Uncle Milton in the comments:
To Rob:Maybe I should be like Dick:
Cheney to Treasury: “Deficits don’t matter”
Former Treasury Secretary Paul O’Neill was told “deficits don’t matter” when he warned of a looming fiscal crisis.
O’Neill, fired in a shakeup of Bush’s economic team in December 2002, raised objections to a new round of tax cuts and said the president balked at his more aggressive plan to combat corporate crime after a string of accounting scandals because of opposition from “the corporate crowd,” a key constituency.
O’Neill said he tried to warn Vice President Dick Cheney that growing budget deficits-expected to top $500 billion this fiscal year alone-posed a threat to the economy. Cheney cut him off. “You know, Paul, Reagan proved deficits don’t matter,” he said, according to excerpts. Cheney continued: “We won the midterms (congressional elections). This is our due.” A month later, Cheney told the Treasury secretary he was fired.
Looks like Paul O’Neil was prescient. (and early…)
What Uncle Milton fails to understand is that it’s not the deficit itself that is so important, but more what is causing it.
If you figure out what is causing the deficit, then you can figure out how to deal with it. Bush was running up huge deficits by tax cuts and massive spending on wars. The way to deal with that is to get rid of the tax cuts and stop fighting the wars.
The present deficit is being 90% caused by the present financial crisis. Only 10% of it is being caused by stimulus spending. So there goes the whole rightwing argument that the deficit is due to excess spending.
As long as the financial crisis persists, the deficit will persist. No amount of austerity measures will actually reduce the deficit in the midst of this crisis. All deficit reduction will do is harm citizens and workers and also harm the economy via decreased government spending. So we have to decide what kind of deficit we want to run. Do we want to run a positive deficit by putting people back to work, etc. or do we want to run a negative deficit via decreased tax revenues and a slowed down economy, possibly progressing to Depression and deflation?
With high unemployment, governments will run deficits. It’s inevitable. These unemployment-driven deficits will continue for as long as the high unemployment goes on. Austerity will not drive down these deficits. It will just cause declines in the economy, possibly leading to depressions or even deflation.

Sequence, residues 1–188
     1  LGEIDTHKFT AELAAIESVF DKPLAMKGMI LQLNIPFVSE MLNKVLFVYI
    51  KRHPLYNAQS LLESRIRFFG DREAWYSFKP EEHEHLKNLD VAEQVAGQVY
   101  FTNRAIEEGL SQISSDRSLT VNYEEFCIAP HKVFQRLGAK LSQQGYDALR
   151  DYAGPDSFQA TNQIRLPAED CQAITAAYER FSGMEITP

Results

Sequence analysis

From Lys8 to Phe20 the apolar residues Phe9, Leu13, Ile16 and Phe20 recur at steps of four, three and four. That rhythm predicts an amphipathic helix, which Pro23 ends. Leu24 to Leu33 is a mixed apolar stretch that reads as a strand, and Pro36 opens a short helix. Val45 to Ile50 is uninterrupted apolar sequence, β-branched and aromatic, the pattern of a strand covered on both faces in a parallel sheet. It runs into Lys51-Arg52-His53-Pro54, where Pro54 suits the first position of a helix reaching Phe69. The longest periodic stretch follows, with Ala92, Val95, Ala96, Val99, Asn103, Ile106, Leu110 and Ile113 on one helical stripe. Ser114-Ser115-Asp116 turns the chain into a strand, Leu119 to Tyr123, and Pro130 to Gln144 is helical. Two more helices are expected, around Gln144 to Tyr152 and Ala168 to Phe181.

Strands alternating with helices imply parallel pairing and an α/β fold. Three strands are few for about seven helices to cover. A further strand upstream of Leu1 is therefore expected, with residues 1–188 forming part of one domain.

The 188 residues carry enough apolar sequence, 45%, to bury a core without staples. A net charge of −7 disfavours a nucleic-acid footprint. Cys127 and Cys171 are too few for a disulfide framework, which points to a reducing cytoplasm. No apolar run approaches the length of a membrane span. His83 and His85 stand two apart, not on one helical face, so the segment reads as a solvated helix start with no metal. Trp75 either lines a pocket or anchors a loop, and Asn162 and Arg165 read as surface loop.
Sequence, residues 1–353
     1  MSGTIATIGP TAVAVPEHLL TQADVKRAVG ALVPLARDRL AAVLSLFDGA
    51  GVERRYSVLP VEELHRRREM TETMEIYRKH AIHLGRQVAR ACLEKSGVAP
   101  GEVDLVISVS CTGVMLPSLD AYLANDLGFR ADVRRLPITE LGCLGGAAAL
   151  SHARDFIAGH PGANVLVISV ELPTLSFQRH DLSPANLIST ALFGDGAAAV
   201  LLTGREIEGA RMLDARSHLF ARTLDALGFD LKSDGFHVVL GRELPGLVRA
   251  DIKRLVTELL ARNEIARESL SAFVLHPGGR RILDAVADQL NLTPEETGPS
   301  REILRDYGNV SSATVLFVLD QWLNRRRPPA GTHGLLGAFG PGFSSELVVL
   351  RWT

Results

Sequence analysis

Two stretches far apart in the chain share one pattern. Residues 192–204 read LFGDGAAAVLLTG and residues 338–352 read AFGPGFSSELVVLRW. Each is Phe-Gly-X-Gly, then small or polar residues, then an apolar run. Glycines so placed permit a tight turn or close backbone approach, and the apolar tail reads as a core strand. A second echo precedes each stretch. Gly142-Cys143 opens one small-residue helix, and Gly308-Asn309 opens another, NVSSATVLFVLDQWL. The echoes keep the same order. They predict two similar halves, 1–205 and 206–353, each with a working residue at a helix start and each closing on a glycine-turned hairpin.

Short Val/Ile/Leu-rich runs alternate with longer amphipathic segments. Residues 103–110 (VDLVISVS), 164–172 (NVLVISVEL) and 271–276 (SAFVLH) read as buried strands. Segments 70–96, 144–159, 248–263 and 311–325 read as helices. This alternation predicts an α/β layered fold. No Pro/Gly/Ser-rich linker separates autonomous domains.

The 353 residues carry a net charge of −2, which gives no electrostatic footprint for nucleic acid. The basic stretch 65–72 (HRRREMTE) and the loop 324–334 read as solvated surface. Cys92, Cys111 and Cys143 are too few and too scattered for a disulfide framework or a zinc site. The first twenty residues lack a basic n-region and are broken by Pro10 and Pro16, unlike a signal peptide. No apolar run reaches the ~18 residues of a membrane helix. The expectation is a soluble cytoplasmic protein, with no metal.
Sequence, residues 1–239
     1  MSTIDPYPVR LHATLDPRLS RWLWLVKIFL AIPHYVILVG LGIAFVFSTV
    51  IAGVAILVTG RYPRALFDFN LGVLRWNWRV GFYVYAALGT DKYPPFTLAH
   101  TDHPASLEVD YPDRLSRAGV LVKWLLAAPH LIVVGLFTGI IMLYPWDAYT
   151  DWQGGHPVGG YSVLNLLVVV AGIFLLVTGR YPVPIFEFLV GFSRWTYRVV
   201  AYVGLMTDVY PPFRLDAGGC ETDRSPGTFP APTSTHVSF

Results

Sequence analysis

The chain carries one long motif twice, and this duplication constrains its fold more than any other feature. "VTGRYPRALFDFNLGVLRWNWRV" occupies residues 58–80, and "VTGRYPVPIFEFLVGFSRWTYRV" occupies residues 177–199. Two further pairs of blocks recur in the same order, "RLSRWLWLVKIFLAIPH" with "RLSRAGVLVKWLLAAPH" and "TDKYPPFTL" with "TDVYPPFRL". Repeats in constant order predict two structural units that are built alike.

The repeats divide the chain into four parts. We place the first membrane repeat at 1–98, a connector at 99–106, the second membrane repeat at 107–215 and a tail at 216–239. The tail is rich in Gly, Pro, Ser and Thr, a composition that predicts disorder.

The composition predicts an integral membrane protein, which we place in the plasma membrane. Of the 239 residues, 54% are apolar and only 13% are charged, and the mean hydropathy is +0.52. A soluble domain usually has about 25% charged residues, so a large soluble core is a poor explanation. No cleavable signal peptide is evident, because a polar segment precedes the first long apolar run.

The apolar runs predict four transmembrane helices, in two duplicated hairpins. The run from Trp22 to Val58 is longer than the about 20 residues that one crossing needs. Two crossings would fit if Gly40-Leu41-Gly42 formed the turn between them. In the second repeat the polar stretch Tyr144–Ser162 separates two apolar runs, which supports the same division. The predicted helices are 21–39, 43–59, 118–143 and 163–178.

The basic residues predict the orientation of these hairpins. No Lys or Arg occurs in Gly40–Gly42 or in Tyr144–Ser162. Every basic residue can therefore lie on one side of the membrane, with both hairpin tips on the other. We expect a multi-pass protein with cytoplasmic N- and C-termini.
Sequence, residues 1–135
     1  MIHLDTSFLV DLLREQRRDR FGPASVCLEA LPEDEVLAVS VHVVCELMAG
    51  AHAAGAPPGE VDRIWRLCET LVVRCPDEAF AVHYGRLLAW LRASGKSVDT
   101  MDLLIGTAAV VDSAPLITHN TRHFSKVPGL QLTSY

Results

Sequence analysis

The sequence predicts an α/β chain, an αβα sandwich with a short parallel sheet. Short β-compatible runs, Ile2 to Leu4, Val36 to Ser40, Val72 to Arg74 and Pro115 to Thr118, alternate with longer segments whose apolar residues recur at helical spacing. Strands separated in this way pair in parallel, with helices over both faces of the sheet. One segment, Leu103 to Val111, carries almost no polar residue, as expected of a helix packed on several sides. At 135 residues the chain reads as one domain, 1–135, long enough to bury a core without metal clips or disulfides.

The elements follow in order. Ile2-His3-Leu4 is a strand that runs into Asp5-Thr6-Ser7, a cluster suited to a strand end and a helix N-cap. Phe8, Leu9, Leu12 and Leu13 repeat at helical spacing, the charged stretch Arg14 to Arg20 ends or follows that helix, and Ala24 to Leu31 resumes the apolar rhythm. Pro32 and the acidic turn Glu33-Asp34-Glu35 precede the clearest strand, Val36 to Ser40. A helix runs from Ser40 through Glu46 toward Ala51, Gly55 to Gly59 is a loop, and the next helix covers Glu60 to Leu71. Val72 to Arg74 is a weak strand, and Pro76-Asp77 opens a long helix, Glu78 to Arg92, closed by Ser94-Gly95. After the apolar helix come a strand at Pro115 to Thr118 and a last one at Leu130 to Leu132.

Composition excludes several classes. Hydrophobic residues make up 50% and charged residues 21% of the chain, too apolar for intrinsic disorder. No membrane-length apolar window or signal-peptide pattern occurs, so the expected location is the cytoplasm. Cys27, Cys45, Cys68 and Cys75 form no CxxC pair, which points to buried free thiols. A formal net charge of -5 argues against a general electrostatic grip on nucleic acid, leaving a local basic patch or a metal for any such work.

Deficit hawks say the main danger from deficits and the reason we need to engage in austerity measures right now is that deficits will lead to increases in interest rates. The present interest rate from the Fed is 0%. However, they are probably referring to interest rates on long-term federal bonds. Low deficits will be rewarded in low interest rates for US government bonds (a good thing), whereas the bond market will punish fiscal irresponsibility by raising interest rates on US government bonds.
Let’s see if there is anything to that. Interest rates on 10 year US bonds are currently 4%, low by historical standards. In 1990, they were at 8%, and that was when we had not only a balanced budget but a budget surplus, which George Bush promptly blew. So, looking 10 years out, the bond market is not worried at all about US deficits and is not punishing the government for its deficits by higher interest rates. So the theory is not working. There is no risk of high interest rates at the moment. The deficit hawks’ argument is revealed to be a gigantic lie.
Another argument is that bond markets can change at any minute. We have to reduce deficits now because the bond market could change at any time. But this makes no sense. If the bond markets are irrational, all arguments towards rationality along the lines that the bond markets punish irresponsibility and reward austerity vanish. We are not dealing with a rational market here. And if the market is irrational, it makes sense to borrow now as long as it is offering good deals (low interest rates so the state can borrow cheaply).
Another argument is that deficits lead to the risk of inflation.
There is little to no inflation in the US at the moment, so this argument appears to be hogwash as far as right now anyway. Core CPI inflation is running at 1%. The opposite of inflation, deflation, is actually the worry here.